Earlier this week, a 33-year-old teacher, with her 2-year-old son on her hip, approached EPA Administrator Scott Pruitt in a Washington restaurant and urged him “to resign for what you’re doing to the environment in our country.” I was watching a video of that very moment yesterday when Pruitt’s resignation popped up on my news feed.
Since then, there has been a lot of speculation about why Pruitt resigned, but it’s probably safe to say that the mother’s plea had nothing to do with it. There are at least 13 bigger reasons (and still counting) why Pruitt lost his job. A cloud of federal ethics investigations has been hanging over his head for months.
Fresh allegations emerged this week. On Monday, CNN reported that it had found discrepancies between Pruitt’s official calendar and other records—evidence that Pruitt and his aides kept some meetings and calls secret from the public. Kevin Chmielewski, Pruitt’s former deputy chief of staff for operations, told CNN that EPA staffers maintained a secret calendar with events that might “look bad.” If Pruitt falsified or concealed public records, that could be a violation of federal law.
On Tuesday, CNN turned up the heat with a report that Pruitt had approached President Donald Trump last spring with the suggestion that Trump fire Attorney General Jeff Sessions and install Pruitt as his replacement. Pruitt called the report, which cited “three people familiar with the proposal,” false.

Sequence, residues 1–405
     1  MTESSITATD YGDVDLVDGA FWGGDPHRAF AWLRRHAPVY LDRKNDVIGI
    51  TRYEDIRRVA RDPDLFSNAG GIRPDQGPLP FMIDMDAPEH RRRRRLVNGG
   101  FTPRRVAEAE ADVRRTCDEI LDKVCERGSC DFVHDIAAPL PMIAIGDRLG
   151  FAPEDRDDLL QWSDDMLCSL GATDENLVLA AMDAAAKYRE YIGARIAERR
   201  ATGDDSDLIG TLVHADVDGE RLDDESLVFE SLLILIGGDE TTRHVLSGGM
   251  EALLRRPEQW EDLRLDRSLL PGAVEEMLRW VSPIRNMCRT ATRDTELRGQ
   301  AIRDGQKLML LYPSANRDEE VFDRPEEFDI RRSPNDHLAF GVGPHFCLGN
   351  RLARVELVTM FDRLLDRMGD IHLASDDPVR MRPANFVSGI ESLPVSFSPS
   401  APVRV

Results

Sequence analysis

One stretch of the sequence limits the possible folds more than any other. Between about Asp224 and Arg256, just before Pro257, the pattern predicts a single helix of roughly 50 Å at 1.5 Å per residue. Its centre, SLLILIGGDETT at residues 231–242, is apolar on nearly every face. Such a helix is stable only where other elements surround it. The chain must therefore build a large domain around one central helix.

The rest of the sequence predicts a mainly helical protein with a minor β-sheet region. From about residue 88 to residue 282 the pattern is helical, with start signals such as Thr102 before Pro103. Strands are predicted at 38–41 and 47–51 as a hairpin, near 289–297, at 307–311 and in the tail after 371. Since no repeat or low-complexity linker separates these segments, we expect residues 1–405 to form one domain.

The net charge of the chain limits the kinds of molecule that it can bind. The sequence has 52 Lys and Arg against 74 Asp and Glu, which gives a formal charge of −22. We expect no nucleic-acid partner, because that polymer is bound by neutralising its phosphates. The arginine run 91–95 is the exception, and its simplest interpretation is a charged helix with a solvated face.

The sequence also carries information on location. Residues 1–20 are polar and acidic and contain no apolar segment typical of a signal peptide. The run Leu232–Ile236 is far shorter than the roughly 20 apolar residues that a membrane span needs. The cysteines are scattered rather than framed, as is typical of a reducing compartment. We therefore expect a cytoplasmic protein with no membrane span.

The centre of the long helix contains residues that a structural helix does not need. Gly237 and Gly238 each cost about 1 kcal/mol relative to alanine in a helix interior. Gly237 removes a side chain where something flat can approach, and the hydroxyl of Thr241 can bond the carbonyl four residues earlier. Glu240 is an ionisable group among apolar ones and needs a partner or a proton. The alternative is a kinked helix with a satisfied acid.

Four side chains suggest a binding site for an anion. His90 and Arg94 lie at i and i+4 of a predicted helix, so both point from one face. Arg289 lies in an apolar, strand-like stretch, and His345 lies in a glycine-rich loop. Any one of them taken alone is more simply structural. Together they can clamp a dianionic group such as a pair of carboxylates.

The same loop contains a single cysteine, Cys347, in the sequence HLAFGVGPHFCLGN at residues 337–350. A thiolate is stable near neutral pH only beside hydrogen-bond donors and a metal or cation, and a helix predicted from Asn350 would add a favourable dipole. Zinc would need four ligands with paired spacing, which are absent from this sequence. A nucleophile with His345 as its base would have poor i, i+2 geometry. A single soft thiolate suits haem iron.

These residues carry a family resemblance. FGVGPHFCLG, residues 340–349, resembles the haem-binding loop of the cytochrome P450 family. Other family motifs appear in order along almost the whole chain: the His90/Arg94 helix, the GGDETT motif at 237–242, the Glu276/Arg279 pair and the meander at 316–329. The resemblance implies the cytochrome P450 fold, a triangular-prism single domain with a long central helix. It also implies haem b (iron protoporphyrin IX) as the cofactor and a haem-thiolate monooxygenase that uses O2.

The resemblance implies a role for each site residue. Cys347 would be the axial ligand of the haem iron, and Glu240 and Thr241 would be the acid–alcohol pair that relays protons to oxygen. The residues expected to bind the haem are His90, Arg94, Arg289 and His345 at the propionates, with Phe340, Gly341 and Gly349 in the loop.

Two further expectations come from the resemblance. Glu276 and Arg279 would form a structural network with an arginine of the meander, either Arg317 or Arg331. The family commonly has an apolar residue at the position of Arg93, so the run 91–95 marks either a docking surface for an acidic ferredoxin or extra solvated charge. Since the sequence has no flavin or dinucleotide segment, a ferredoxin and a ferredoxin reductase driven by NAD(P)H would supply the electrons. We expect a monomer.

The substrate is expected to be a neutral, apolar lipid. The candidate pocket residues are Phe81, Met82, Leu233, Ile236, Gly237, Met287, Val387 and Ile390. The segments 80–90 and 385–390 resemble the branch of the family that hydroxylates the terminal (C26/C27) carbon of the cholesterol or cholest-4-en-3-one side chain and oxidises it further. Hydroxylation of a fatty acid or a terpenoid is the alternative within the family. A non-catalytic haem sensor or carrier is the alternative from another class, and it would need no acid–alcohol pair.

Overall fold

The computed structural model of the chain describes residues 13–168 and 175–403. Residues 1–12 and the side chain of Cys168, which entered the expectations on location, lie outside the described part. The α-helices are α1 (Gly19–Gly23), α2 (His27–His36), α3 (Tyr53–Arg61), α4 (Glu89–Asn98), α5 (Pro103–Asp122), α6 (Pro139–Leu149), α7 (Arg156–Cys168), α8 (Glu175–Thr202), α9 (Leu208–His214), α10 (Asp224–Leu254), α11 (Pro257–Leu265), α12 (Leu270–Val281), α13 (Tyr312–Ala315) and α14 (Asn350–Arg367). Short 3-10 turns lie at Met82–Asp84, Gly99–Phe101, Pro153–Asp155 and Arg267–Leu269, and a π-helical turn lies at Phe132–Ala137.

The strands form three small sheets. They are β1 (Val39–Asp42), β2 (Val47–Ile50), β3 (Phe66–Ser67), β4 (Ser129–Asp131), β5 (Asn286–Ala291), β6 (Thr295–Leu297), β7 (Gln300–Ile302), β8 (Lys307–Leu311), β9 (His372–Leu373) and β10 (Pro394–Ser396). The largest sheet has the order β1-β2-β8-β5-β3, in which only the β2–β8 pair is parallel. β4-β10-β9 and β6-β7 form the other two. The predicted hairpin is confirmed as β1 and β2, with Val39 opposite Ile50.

Trump claims there was no “final straw” and that Pruitt “did not want to be a distraction for an administration that he has a lot of faith in.” References to faith also came up a lot in Pruitt’s resignation letter, in which he repeatedly blessed the president, referred to himself as blessed to serve, and wrote that he believes Trump is president “because of God’s providence.”
The question isn’t why Pruitt resigned now, but what took so long. Trump repeatedly described Pruitt’s performance as an “outstanding job,” which could be a reference to Pruitt’s skills at managing his unpredictable boss, or to his effectiveness at eliminating Obama-era policies and regulations aimed at mitigating climate change. Both Pruitt and Trump, at one time, said they wanted to get rid of the EPA, the agency tasked with protecting human health and the environment. Many environmentalists describe Pruitt as the worst EPA chief in history.
Pruitt, who received huge support from the oil and gas industry, will be replaced by Andrew Wheeler, a former coal and uranium lobbyist who is likely to carry out the same agenda. Wheeler has his own ethical issues. He is one of several dozen federal employees who are working on matters directly related to their former employers or clients of the past two years—in violation of a Trump executive order prohibiting such conflicts of interest. And while working as a lobbyist, Wheeler helped organize fundraisers for senators who would later vote on confirming his EPA appointment.
The only significant difference between Wheeler and Pruitt is that Wheeler may be more effective at flying below the media radar. The planet may be out of the frying-pan oil but headed for a coal fire.
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